In the setup presented here, we show that the constantvolume and constantpressure approaches can be significantly different with large time steps. We also show that using approximations where the specific heat function is held constant when computing the latent heat release (as done in EAM's physics parameterizations) always results in large inconsistencies between the change in the atmosphere's energy and the energy flux of sedimentation. Fixing this inconsistency in EAM requires the use of variable latent heats both when computing the latent heat of phase change and when using this heating term to update the temperature.
Many global atmospheric models use a timesplit or fractionalstep method to separate the dynamics from the physical parameterizations (henceforth referred to as physics), including EAM. In this section, we apply timesplitting to a system of equations, which include phase change and external heating but no external mass fluxes. Splitting the dynamics from the physics, we derive the standard constantvolume and, in the case of hydrostatic dynamics, constantpressure fractional physics steps with nearexact thermodynamics. In the nonhydrostatic case, the constantpressure update is inconsistent with the timesplit equations, and we derive the nonhydrostatic fractional step based on conservation of energy and on a local heating assumption.
We start by considering a system of equations written as
where X(t) represents a state vector of all our prognostic variables at time t, H represents the dynamical terms, and F represents the forcing terms usually computed by the physics. We use a standard timesplit approach and advance the model by one time step Δt via two fractional steps:
with X_{1} denoting the intermediate state after applying the physics fractional step. System (2)–(3) represents a first order in time approximation to Eq. (1). In this example, both fractional steps are being advanced in time with a forward Euler discretization. In practice, for the dynamics time step, more advanced methods are used, such as HEVI–IMEX (Satoh, 2002; Weller et al., 2013; Lock et al., 2014).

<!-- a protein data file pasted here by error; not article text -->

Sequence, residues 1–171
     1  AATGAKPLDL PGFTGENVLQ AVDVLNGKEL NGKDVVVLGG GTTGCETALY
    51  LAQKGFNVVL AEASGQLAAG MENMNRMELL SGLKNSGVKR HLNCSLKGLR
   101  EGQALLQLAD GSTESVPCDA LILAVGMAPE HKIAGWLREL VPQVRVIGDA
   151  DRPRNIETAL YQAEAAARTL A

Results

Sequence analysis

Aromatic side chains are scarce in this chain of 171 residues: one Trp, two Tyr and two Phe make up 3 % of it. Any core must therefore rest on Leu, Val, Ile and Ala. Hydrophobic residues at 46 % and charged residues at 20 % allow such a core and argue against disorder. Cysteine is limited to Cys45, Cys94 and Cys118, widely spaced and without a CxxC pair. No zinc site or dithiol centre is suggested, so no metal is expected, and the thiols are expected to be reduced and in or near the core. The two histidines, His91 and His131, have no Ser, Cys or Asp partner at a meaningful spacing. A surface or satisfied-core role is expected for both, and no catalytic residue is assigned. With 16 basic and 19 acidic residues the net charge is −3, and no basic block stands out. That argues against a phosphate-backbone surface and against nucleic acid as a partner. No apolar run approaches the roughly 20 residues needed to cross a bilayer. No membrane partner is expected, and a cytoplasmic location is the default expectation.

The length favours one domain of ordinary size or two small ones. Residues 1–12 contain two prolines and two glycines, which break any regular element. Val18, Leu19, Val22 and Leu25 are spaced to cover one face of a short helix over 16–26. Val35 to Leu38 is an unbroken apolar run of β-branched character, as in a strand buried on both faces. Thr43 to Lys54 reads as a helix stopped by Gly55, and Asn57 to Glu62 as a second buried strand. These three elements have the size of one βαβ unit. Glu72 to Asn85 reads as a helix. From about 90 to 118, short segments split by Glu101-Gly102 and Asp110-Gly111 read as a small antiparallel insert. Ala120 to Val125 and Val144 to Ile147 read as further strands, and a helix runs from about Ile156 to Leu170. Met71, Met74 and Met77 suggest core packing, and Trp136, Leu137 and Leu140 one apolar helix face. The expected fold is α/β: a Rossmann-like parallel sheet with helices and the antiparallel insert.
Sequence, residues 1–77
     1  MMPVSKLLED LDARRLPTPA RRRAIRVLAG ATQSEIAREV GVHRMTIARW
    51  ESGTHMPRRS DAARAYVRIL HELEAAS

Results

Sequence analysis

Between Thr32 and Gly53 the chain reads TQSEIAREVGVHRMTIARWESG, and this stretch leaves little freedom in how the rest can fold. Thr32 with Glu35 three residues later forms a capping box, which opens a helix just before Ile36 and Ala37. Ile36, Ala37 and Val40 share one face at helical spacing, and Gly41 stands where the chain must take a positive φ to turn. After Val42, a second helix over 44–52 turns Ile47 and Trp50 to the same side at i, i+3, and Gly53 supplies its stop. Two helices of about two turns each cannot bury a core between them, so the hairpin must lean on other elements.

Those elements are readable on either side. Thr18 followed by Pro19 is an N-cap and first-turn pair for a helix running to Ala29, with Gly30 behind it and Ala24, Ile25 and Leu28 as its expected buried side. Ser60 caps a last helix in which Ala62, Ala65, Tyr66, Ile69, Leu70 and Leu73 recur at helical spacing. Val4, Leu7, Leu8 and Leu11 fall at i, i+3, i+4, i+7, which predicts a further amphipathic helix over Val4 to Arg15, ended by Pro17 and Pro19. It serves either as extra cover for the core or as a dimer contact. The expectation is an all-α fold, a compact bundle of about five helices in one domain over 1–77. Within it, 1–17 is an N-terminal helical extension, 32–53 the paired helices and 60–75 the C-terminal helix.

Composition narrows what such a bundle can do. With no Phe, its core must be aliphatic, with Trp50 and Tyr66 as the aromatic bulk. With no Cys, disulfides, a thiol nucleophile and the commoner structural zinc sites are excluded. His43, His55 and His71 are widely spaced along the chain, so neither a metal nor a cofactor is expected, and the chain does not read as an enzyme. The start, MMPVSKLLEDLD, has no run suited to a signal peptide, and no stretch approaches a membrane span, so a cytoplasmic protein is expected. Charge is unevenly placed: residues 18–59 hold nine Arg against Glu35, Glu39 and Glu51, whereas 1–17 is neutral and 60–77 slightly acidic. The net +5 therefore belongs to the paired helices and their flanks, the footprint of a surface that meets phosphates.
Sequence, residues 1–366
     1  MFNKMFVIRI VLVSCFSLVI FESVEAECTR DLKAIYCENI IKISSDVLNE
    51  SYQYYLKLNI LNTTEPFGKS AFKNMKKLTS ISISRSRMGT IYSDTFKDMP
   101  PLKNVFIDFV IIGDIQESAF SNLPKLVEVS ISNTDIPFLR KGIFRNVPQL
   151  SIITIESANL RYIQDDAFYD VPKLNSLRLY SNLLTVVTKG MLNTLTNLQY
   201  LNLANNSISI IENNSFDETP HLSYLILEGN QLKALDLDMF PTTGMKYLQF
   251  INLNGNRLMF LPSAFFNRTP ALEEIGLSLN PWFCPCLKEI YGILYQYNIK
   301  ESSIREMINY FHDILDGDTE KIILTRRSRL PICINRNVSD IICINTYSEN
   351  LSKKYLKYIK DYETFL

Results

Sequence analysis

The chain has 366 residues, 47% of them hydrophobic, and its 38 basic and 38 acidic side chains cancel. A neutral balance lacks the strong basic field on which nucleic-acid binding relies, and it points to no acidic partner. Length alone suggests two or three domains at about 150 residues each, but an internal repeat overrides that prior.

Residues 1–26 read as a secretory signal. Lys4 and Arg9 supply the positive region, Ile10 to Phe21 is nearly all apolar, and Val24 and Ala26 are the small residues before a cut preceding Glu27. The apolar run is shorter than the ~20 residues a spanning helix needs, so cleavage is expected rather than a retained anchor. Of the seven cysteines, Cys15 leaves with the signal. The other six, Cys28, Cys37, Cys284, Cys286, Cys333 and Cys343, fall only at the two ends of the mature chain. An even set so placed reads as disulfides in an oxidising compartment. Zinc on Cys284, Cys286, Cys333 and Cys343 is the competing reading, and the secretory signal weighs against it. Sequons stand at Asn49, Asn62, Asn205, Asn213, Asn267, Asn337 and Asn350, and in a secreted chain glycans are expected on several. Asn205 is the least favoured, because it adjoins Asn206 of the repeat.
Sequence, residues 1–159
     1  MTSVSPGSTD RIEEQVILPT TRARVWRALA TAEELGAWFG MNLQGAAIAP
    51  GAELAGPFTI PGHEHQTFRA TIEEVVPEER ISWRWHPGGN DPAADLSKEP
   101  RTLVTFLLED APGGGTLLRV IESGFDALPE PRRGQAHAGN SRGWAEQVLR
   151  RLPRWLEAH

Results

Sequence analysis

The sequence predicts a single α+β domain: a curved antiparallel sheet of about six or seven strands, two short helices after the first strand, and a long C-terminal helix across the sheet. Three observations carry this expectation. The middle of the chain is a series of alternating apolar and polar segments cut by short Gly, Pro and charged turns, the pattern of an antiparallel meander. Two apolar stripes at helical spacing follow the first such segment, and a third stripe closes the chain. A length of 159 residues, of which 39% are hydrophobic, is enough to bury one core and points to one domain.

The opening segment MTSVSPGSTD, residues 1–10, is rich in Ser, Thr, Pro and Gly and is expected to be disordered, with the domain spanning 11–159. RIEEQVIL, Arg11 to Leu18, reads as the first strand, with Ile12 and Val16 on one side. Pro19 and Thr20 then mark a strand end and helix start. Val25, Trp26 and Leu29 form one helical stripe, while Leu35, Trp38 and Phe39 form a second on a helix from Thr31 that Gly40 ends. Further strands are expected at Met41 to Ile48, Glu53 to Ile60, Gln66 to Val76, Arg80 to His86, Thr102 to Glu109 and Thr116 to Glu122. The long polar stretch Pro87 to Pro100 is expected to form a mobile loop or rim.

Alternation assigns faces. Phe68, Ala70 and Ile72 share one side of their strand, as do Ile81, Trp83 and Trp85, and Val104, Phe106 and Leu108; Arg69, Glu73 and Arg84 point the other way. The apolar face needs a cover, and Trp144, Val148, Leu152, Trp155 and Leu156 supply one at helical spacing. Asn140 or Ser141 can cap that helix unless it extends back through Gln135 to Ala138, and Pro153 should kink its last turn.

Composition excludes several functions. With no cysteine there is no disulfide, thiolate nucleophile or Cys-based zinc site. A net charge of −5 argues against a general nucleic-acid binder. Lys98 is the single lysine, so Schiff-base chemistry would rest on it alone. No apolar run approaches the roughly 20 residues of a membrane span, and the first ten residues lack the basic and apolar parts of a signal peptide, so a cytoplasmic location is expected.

HOMME uses a vertically Lagrangian approach (Lin, 2004). Because of this, each dynamics fractional step (3) can advance from a state X_{1} given on arbitrary level positions given by geopotential ϕ and mass coordinate values π, based on hydrostatic pressure. This in turn allows us to consider physics fractional steps that arbitrarily change the state variables, including mass, pressure, and volume, within each model layer. Below we consider physics applied either at constant pressure or at constant volume.
To apply timesplitting to our full set of equations, we start with a generic form of the vertically Lagrangian equations with a terrainfollowing coordinate s and the material derivative $\mathrm{D}/\mathrm{D}t$.
For completeness, we give the equation of state (EOS) and related mass coordinate identities,
In the above equations, u is the 3D velocity; u_{3} is the vertical or radial velocity component; T is temperature; p is the full nonhydrostatic pressure; ρ is density with $\mathit{\alpha}=\mathrm{1}/\mathit{\rho}$; ϕ is the geopotential height; π is the mass coordinate/hydrostatic pressure; $\frac{\partial \mathit{\pi}}{\partial s}$ is the mass coordinate pseudodensity; and q_{i} is a generic total mass mixing ratio that can represent dry air (q_{d}), vapor (q_{v}), liquid water (q_{l}), or ice (q_{f}). For simplicity, we have represented the dynamics terms in the velocity equation by D_{u}. For the HOMME dynamical core used here, the dynamics terms are given in Taylor et al. (2020). We assume the surface elevation, ϕ_{s}, is held fixed in time and impose a pressure boundary condition at the model top, taking p_{top}=π_{top}, set to a global constant based on the desired vertical domain size. We give two different formulations of the thermodynamic equation, Eqs. (5) and (6). The choice of which one to use depends on whether physics is predominantly applied at constant pressure (δp=0) or at constant volume (δϕ=0).
We use the unapproximated thermodynamics (or variable latent heats, as explained further in Sect. 4.3) from Eldred et al. (2022), which is equivalent to the nearexact thermodynamics from Staniforth (2022). The specific heats ${c}_{p}^{*}$ and ${c}_{\mathrm{v}}^{*}$ are given in terms of specific heats of dry air, vapor, liquid, and ice and their mixing ratios; R^{*} is a function given in terms of the gas constants for dry air and vapor and their mixing ratios,
and L_{l} and L_{v} are latent heat constants. The f_{*} terms in the above represent the forcing tendency terms, where f_{u} corresponds to the momentum fluxes and ${f}_{{q}_{i}}$ denotes sources and sinks of water mass from phase changes. The righthand side of the thermodynamic equation includes the energy flux from phase change (${\sum}_{i}{L}_{i}{f}_{{q}_{i}}$), as well as any external heating denoted by f_{T}. The above equations allow for mass flux between species q_{i} via phase changes but have assumed no net mass flux (${\sum}_{i}{f}_{{q}_{i}}=\mathrm{0}$).
In this work we focus on the physics fractional step (2) derived from timesplitting Eqs. (4)–(9). We first expand the material derivative into partial derivatives and dynamics terms and then apply timesplitting, with all the f_{*} physics forcing terms put in the physics fractional step (3) and all remaining terms put in the dynamics fractional step (2). We then assume a forward Euler discretization for the physics fractional step partial derivatives, which we represent by δ (as in $\mathit{\delta}\mathit{u}=\left(\mathit{u}\right(t+\mathrm{\Delta}t)\mathit{u}(t\left)\right)/\mathrm{\Delta}t$). This results in the following physics equations: